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A Guide to the Aldolase Blood Test

written by: Dr. Kristie Leong•edited by: Diana Cooper•updated: 11/9/2010

An aldolase blood test is a special type of test to look for damage to muscles, liver or the heart. Find out how this test is performed, and what the results mean.

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    The Aldolase Blood Test

    An aldolase blood test is a test used to check for disease involving the muscle, heart or liver. Aldolase is an enzyme involved in the breakdown of sugar into energy, and it comes in three different forms.

    Aldolase A is found in greatest amounts in muscle tissue. When muscle tissue is damaged or disease, levels of aldolase A rise in the blood and can be detected by an aldolase blood test. Aldolase B is found in higher quantities in the heart and liver, so it’s most useful for looking for disease in these organs.

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    How the Test is Used

    Doctors check for aldolase A in the bloodstream to monitor the course of certain diseases involving muscle tissue such as muscular dystrophy. When muscle tissue is injured or damaged, aldolase is released into the bloodstream, and levels will be elevated upon blood testing. Measuring aldolase A levels is also helpful in differentiating muscular disease from neurological disease. Neurological diseases such as multiple sclerosis cause muscle weakness that can be hard to distinguish from disease of the muscle, but in neurological disease aldolase A levels will be normal, which helps to differentiate the two types of conditions.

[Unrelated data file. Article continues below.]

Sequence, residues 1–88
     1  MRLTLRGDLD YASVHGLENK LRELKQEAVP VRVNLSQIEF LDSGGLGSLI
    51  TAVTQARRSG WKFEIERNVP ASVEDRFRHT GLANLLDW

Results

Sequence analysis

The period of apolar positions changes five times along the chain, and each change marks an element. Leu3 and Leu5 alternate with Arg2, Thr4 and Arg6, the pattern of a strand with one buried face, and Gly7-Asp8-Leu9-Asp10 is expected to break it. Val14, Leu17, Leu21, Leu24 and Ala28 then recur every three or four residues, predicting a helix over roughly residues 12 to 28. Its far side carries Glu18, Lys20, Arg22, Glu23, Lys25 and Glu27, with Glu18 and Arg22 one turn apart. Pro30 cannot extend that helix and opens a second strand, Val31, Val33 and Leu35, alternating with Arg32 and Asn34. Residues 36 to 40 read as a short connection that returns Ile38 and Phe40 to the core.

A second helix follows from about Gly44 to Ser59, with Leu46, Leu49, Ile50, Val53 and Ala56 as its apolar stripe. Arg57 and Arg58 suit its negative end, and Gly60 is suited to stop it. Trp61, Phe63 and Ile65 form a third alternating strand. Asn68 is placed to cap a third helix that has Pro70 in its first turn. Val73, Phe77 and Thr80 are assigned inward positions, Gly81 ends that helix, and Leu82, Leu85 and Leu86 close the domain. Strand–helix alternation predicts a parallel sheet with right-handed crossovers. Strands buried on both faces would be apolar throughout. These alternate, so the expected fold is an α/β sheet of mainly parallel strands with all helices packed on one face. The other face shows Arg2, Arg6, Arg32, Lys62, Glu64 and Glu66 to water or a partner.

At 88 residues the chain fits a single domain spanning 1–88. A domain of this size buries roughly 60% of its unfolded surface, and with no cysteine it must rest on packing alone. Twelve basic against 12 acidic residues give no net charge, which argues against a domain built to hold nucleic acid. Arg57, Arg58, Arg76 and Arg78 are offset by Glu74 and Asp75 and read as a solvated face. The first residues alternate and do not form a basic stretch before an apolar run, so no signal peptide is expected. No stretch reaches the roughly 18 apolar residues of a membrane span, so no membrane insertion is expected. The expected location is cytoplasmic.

Aldolase B levels will be elevated if the liver or heart is diseased or damaged. For example, a doctor might order an aldolase B level if he suspects a patient has had a heart attack or has liver disease of any type. An elevated aldolase B level can give valuable clues that something is amiss with one of these two organs. This test isn’t as widely used these days since there are other blood markers that are more specific for liver and heart-related damage.

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    How the Test is Done

    Before an aldolase blood test is drawn, it’s important to fast for at least eight hours, and avoid strenuous activity since this can falsely elevate aldolase levels and make the results inaccurate. Certain medications can do the same - so certain ones need to be stopped before the test. To do the test, a small amount of blood is drawn from the arm and sent to the lab for testing.

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    Understanding the Results

    Aldolase levels vary with age. Newborn babies have higher levels than adults, and normal values can vary depending upon the lab that conducts the testing.

    Some conditions that elevate aldolase A levels are muscular dystrophy, polymyositis, dermatomyositis, trauma and motor-neuron diseases such as ALS. In many cases, another enzyme called CK will also be elevated. Diseases that cause aldolase B levels to be high are hepatitis, liver tumors, mononucleosis, alcoholic liver disease, heart attack, pancreatitis and trauma – among others.

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    The Bottom Line

    An aldolase blood test provides invaluable information about diseases of the muscle, liver and heart. It's most useful for diagnosing and following muscle diseases since there are better tests to look for liver and heart problems.

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    Medline Plus. “Aldolase Test"

    Am Family Physician. 2005 Apr 1;71(7):1327-1336

    Merck Manual. Eighteenth edition. 2006